Last month, Pedro Sánchez brought a new and unexpected result to the European ballot box.
Sánchez returned to his post as secretary general of Spain’s Socialist Party (PSOE) after a bitter campaign against Susana Díaz, the powerful president of Andalucía who was supported by the barons of the party.
The Socialist’s victory should have been expected given that his fellow PSOE members would vote against the apparatchik.
But it surprised many that, after two consecutive election defeats in December 2015 and June 2016, Socialist militants once again placed their trust in him.
Following the strategy of Bernie Sanders in the US and Jeremy Corbyn in the UK, Sánchez believes that the road to power lies in returning Spain’s Socialist Party to its very essence.
In his narrative, this authentic PSOE is the only option to oppose Prime Minister Mariano Rajoy, whom he describes as “the enemy”.
Sánchez’s refusal to allow the re-election of the centre-right candidate was what triggered the Socialist rebellion that deposed him last October.
In order to realise his plan, Sánchez is trying to build an “alternative majority” with the left-wing Podemos and the liberal Ciudadanos parties.
The strategy already failed last spring, as Podemos’ leader and former MEP Pablo Iglesias, and Ciudadanos’ Albert Rivera, seen as Spain’s Macron, rejected each other.
The liberal party leader warned Sánchez that the days of their partnership were over.
Rivera, who finally supported Rajoy, warned that he is not in the business of destabilising the government every three months.
As short-term options narrow, Sánchez is looking further ahead. He is getting closer to Iglesias but the Socialist may not intend to build a left-wing bloc, instead choosing to regain the leftist voters he lost to Podemos.
This week, the PSOE said that it would reject the EU-Canada free trade agreement.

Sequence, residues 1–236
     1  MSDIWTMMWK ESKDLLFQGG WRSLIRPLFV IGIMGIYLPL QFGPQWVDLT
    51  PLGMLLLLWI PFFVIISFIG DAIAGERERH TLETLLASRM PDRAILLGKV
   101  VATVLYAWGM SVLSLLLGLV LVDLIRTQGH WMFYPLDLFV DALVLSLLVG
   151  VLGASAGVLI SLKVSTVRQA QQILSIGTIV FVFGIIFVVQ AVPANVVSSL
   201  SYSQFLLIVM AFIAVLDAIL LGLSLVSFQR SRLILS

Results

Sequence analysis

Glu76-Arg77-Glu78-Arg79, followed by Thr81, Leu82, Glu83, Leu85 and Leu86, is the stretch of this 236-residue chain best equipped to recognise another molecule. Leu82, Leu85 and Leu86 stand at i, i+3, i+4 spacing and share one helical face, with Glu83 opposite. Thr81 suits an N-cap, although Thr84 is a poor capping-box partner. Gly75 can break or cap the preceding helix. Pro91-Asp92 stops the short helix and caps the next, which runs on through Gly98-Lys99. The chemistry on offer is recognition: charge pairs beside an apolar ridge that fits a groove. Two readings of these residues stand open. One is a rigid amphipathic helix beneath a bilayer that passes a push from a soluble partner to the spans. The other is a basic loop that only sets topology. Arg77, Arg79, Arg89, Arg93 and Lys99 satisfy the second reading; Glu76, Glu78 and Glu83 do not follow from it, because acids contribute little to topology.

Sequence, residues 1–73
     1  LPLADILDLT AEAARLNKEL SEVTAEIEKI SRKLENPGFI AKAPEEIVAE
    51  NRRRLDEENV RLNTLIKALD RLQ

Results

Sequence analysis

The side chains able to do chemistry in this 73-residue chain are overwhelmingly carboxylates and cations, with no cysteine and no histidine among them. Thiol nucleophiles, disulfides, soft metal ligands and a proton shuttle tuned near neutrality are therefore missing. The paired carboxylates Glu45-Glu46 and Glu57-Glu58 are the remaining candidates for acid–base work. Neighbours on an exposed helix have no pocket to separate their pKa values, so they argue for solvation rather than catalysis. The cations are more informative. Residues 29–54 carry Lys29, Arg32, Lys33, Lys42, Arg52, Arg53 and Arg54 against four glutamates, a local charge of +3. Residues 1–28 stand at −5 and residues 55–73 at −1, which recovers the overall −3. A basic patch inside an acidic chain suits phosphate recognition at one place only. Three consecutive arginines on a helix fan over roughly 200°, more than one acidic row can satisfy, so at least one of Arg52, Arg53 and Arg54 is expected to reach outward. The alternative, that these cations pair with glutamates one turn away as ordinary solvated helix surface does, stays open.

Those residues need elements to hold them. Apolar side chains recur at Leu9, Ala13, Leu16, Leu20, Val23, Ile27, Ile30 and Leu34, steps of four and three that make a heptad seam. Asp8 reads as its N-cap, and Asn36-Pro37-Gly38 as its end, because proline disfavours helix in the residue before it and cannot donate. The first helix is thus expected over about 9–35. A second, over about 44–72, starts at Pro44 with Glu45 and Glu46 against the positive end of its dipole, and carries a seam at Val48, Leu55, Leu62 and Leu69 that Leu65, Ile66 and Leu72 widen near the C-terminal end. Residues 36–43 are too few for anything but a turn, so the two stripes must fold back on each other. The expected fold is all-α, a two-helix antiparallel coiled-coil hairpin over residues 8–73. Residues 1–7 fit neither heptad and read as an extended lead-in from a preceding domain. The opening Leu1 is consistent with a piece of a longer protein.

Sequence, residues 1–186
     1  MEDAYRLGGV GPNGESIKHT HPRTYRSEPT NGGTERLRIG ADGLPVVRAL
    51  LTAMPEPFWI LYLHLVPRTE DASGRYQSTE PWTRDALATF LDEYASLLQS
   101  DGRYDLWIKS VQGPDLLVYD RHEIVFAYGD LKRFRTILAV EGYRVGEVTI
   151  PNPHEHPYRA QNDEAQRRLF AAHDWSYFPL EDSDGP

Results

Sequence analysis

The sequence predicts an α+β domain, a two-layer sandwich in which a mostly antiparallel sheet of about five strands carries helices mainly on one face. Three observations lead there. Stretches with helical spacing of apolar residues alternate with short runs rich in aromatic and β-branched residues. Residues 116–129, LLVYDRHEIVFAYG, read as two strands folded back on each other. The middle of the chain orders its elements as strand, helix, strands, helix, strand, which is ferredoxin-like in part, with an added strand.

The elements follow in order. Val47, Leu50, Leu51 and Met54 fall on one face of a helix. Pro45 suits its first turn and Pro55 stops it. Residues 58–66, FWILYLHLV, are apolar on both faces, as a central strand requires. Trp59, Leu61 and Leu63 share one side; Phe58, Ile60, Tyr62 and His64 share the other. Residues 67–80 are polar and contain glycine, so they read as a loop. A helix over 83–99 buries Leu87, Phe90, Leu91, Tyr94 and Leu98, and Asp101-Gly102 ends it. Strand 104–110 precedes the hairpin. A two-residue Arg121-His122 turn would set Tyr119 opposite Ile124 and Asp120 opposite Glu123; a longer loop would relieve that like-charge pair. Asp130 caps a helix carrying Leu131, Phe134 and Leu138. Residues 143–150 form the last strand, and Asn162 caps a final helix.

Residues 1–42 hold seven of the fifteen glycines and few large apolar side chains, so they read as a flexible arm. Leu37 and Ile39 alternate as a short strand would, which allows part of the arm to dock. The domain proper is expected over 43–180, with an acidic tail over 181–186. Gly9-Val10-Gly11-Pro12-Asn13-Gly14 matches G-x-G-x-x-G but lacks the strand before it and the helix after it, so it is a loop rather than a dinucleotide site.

But if the PSOE takes an “anti-European turn” with CETA and keeps moving closer to Podemos, supporting tax hikes and its position on Catalonia, Rivera warned that the Socialists would keep moving away not only from Ciudadanos but also “the majority of Spanish people”.
While the CETA remarks tarnished Sánchez’s meeting with fellow socialist and French European Commissioner Pierre Moscovici, his statements in relation to Catalonia risk alienating more voters who opposed a description of Spain as a “nation of nations”.
Sánchez, who resigned from his seat in Spain’s parliament last October, hopes that his strategy to reinvigorate the PSOE by appealing to the rank-and-file members could also bring back the wider Spanish electorate.
But while he struggles to control his party, to dominate the left side of the political spectrum and convince voters, Rajoy maintains a comfortable advantage in the polls, seemingly immune to his numerous corruption scandals.
Spain’s centre-right leader also gathered enough votes to pass the first draft budget of his new term.
By sealing the budget agreement, Rajoy’s minority government won a landmark battle in parliament, improving the likelihood of concluding his term in 2020.
The question is whether three years will be enough for Sánchez to prepare the Socialist comeback.
The Inside Track
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